Latitudinal gradients in butterfly population variability are influenced by landscape heterogeneity
7 February 2014Oliver, Tom; Stefanescu, Constanti; Paramo, Ferran; Brereton, Tom; Roy , David B.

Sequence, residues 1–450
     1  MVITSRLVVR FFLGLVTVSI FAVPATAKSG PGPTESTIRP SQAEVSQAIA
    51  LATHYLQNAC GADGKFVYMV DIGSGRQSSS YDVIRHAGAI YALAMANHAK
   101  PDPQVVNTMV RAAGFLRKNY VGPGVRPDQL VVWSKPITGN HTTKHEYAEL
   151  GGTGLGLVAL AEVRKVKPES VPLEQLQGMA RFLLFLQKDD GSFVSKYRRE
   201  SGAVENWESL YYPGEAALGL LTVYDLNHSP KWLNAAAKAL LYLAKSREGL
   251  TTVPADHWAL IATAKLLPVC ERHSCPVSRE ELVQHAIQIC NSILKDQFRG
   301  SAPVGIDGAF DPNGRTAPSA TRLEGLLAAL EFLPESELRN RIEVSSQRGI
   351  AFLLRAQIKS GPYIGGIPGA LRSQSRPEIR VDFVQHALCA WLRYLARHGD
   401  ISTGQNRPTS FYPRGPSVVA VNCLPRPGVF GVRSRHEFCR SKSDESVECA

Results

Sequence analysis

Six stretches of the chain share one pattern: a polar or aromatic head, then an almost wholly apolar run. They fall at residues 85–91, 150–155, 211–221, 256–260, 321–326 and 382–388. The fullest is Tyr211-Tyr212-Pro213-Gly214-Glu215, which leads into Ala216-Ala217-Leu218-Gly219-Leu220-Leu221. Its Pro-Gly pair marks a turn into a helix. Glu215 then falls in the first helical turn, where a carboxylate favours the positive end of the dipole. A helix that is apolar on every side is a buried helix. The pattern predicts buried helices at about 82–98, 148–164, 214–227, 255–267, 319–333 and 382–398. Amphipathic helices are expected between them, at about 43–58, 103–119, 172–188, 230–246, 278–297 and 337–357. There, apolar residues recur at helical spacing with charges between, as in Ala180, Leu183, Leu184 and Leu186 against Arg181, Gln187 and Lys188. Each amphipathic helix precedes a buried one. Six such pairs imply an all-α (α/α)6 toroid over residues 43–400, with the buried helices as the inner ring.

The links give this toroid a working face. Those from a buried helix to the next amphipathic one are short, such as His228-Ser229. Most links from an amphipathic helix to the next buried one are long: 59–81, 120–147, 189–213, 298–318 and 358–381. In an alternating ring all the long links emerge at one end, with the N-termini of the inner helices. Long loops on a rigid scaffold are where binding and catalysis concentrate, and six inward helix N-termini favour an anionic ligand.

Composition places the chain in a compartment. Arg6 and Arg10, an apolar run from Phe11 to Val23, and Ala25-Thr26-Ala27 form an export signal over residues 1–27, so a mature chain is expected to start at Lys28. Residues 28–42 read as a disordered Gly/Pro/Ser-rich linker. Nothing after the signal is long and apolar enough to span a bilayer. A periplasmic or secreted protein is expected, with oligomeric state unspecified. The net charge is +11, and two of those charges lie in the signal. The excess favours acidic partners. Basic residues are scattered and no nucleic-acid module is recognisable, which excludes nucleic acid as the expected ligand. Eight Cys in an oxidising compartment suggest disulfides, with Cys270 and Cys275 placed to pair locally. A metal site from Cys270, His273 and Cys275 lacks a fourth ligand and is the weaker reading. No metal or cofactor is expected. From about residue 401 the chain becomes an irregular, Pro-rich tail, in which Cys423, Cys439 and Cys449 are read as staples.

The variability of populations over time is positively associated with their risk of local extinction. Previous work has shown that populations at the high-latitude boundary of species’ ranges show higher inter-annual variability, consistent with increased sensitivity and exposure to adverse climatic conditions. However, patterns of population variability at both high- and low- latitude species range boundaries have not yet been concurrently examined. Here, we assess the inter-annual population variability of 28 butterfly species between 1994 and 2009 at 351 and 18 sites in the United Kingdom and Catalonia, Spain, respectively. Local population variability is examined with respect to the position of the species’ bioclimatic envelopes (i.e. whether the population falls within areas of the ‘core’ climatic suitability or is a climatically ‘marginal’ population), and in relation to local landscape heterogeneity, which may influence these range location – population dynamic relationships. We found that butterfly species consistently show latitudinal gradients in population variability, with increased variability in the more northerly UK. This pattern is even more marked for southerly distributed species with ‘marginal’ climatic suitability in the UK but ‘core’ climatic suitability in Catalonia. In addition, local landscape heterogeneity did influence these range location – population dynamic relationships. Habitat heterogeneity was associated with dampened population dynamics, especially for populations in the UK. Our results suggest that promoting habitat heterogeneity may promote the persistence of populations at high-latitude range boundaries, which may potentially aid northwards expansion under climate warming. We did not find evidence that population variability increases towards southern range boundaries. Sample sizes for this region were low, but there was tentative evidence, in line with previous ecological theory, that local landscape heterogeneity may promote persistence in these retracting low-latitude range boundary populations.